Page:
Finally, the ratio decidendi of the opinion focuses on the question, whether the annulment of “child marriages” is mandatory if no exception applies. Section 1314 (1) n. 1 BGB provides that a marriage “may” (“kann”) be dissolved, if concluded contrary to the provision of section 1303 cl. 1 BGB, which basically reproduces the text set out in section 13 (3) n. 2 EGBGB. Apparently, the wording is not clear as to whether the court has discretion in the decision. In order to overcome that ambiguity, the Federal Supreme Court resorts to the doctrine of an interpretation in light of the constitution (verfassungskonforme Auslegung) as developed by the German Federal Constitutional Court (Bundesverfassungsgericht). This doctrine requires the courts to construe the existing law as far as possible in conformity with the German Basic Law (Grundgesetz). For the case in hand the Federal Supreme Court explained that a mandatory annulment would treat foreign marriages differently than marriages concluded solely under German Law and foreign marriages involving minors younger than 16 years, thereby resulting in a violation of Article 3 Basic Law (principle of equal treatment). Furthermore, the Court stressed that a mandatory annulment of the marriage is not always in the best interest of the minor spouse, who is protected by Art. 6 Basic Law. Therefore, the court argues that in the light of the Constitution some leeway has to be reserved for the courts to deal with the particular circumstances in individual cases. Nevertheless, the application of judicial discretion must take in account the objective of the Law to Combat Child Marriage. As a consequence, annulment must be the “default” rule, while only in exceptional cases the judge may uphold a marriage. Within this margin, the law grants the court (a limited measure of) discretion.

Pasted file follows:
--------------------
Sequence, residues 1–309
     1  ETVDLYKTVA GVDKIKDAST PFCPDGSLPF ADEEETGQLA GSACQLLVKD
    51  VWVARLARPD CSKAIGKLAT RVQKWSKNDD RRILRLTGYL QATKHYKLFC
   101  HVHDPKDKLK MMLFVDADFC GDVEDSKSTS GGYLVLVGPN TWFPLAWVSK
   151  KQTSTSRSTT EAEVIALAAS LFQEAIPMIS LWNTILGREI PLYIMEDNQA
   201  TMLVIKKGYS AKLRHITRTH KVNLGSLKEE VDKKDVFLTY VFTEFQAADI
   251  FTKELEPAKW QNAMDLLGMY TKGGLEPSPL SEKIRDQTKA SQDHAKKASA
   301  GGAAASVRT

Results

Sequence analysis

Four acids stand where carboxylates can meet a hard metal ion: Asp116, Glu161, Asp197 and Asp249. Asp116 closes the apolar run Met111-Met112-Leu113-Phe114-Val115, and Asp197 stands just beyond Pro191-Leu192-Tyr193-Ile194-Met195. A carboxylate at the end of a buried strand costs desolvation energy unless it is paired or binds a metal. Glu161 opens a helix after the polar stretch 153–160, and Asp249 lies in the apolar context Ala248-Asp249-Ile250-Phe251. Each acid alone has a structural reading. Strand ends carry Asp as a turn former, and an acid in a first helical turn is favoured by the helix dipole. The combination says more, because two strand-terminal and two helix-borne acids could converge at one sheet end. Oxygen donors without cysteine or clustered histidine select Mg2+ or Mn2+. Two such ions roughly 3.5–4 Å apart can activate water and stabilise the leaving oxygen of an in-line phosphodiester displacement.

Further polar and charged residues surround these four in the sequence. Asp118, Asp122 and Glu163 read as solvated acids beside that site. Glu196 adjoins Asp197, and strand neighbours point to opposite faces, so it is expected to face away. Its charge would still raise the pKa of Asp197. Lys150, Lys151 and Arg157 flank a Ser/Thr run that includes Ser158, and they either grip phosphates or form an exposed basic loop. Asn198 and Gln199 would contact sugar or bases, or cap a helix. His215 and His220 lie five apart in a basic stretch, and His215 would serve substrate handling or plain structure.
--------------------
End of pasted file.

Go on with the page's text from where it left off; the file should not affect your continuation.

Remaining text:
The decision of the German Federal Court (Bundesgerichtshof) is in line with the efforts of German courts to mitigate the harsh effects of the Law to Combat Child Marriage. The former status quo allowed a case-by-case analysis by the instrument of ordre-public. In this context, special attention should be given to the decision of 14th November 2018, Case No. XII ZB 292/16, in which the court considered the parallel section 13 (3) n. 1 EGBGB unconstitutional, because it renders any marriage with a minor younger than 16 years void without reference to the individual situation and circumstances. Both decisions illustrate a consistent approach of the German Federal Supreme Court to the issue of Child Marriages.